Intimate partner violence against married women in Uganda: Integrating resource and gender theories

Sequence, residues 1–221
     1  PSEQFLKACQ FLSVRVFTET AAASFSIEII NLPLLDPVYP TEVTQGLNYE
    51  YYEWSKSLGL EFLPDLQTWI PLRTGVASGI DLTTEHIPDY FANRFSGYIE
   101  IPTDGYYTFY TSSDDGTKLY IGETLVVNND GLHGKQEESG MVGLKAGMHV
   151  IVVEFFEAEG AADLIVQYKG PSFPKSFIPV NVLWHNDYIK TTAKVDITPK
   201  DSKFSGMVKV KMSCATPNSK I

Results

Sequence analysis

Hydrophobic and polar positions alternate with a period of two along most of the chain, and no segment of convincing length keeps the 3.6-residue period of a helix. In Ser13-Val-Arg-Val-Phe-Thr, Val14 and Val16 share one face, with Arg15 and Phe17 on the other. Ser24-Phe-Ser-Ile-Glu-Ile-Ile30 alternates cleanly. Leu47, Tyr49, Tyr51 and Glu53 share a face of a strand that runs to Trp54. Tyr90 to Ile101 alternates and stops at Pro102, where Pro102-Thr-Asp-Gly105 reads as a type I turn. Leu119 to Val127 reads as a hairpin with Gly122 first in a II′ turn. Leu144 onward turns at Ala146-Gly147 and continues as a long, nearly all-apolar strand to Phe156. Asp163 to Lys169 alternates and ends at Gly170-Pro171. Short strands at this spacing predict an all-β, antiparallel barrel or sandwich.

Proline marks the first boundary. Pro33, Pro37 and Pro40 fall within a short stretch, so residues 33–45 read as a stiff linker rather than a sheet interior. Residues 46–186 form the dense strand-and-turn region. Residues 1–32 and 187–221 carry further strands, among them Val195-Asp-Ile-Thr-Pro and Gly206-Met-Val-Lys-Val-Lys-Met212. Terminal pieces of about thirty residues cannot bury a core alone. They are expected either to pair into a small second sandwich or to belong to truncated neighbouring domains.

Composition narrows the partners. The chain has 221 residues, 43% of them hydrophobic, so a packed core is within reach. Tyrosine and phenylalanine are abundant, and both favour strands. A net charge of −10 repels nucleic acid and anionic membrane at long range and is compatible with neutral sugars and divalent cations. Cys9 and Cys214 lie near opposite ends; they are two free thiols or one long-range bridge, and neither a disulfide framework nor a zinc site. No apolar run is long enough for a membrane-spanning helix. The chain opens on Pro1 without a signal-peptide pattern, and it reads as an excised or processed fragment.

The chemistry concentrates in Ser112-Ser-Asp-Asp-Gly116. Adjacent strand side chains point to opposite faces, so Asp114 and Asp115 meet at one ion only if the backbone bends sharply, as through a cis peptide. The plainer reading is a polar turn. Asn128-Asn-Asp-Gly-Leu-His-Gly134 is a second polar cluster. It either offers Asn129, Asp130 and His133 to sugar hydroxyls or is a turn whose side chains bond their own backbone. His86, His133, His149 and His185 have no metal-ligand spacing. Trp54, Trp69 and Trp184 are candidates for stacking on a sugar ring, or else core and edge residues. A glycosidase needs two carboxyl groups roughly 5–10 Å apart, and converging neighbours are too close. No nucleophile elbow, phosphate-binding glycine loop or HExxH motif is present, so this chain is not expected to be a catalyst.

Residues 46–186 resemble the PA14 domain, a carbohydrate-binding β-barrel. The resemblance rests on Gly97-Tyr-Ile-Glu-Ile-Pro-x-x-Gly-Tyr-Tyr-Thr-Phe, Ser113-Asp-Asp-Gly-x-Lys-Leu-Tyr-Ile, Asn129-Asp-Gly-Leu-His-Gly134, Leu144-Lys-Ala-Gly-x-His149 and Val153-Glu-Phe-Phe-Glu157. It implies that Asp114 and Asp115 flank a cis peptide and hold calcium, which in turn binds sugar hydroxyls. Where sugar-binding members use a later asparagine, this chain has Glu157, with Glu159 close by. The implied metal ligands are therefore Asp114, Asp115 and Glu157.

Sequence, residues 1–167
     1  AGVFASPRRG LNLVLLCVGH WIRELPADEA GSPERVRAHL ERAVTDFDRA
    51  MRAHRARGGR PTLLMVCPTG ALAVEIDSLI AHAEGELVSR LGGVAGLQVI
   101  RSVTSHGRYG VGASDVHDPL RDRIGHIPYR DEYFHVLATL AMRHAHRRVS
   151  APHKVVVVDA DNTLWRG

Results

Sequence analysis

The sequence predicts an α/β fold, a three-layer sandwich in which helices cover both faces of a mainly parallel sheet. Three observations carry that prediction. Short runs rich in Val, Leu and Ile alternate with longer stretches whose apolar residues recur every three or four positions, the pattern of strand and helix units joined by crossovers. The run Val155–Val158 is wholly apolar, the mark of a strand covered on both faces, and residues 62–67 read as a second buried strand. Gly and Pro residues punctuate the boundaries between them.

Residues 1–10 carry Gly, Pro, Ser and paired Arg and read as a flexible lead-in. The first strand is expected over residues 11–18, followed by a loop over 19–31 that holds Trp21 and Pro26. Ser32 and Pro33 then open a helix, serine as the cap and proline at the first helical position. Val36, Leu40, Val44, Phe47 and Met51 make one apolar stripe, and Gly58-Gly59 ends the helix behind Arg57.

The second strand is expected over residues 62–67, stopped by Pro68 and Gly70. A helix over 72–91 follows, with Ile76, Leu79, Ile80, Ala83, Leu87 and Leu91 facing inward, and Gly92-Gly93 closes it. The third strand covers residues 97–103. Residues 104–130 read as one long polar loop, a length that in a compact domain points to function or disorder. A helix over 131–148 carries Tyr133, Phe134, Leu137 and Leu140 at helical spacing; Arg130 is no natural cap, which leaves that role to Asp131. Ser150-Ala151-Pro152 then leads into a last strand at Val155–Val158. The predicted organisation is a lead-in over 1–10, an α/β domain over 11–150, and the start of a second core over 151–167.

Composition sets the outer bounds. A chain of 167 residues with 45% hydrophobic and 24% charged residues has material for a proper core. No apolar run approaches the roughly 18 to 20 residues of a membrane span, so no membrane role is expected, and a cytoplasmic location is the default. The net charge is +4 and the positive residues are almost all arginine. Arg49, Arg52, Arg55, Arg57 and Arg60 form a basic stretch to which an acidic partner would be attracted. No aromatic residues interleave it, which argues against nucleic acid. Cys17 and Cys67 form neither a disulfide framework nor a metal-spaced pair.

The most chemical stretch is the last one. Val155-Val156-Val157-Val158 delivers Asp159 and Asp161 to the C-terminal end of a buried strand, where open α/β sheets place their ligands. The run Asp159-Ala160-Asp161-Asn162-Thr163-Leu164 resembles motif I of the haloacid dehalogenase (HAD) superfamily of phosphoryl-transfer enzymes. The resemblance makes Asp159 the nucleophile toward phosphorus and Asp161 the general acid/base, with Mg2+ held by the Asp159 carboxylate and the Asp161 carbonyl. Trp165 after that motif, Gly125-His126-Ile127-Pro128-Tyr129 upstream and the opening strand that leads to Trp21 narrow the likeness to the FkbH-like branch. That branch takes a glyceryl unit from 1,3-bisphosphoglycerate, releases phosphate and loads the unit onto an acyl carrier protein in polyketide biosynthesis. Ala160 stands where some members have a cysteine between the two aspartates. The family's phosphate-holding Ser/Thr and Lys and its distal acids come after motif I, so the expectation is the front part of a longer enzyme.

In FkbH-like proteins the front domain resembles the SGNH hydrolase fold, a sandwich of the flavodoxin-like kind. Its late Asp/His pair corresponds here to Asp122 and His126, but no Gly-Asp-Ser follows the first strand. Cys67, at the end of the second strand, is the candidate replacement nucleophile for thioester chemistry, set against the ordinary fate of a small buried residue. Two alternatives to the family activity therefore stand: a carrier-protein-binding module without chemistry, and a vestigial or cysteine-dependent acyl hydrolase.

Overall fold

The following thesis examines correlates of the lifetime experience of intimate partner violence (IPV) against married women in Uganda. As domestic violence against women in this East African country becomes a prevalent social and public health problem, a more systematic sociological investigation is warranted. Using data from the 2006 Uganda Demographic and Health Survey, this study investigates three different forms of IPV: (1) physical violence, (2) emotional or psychological violence, and (3) sexual violence. Guided by an integrated theoretical framework that synthesizes resource and gender theories, five hypotheses are developed and tested. Results from multivariate statistical analyses indicate that both resource and gender factors are the strongest predictors of the lifetime experience of violence among married Ugandan women.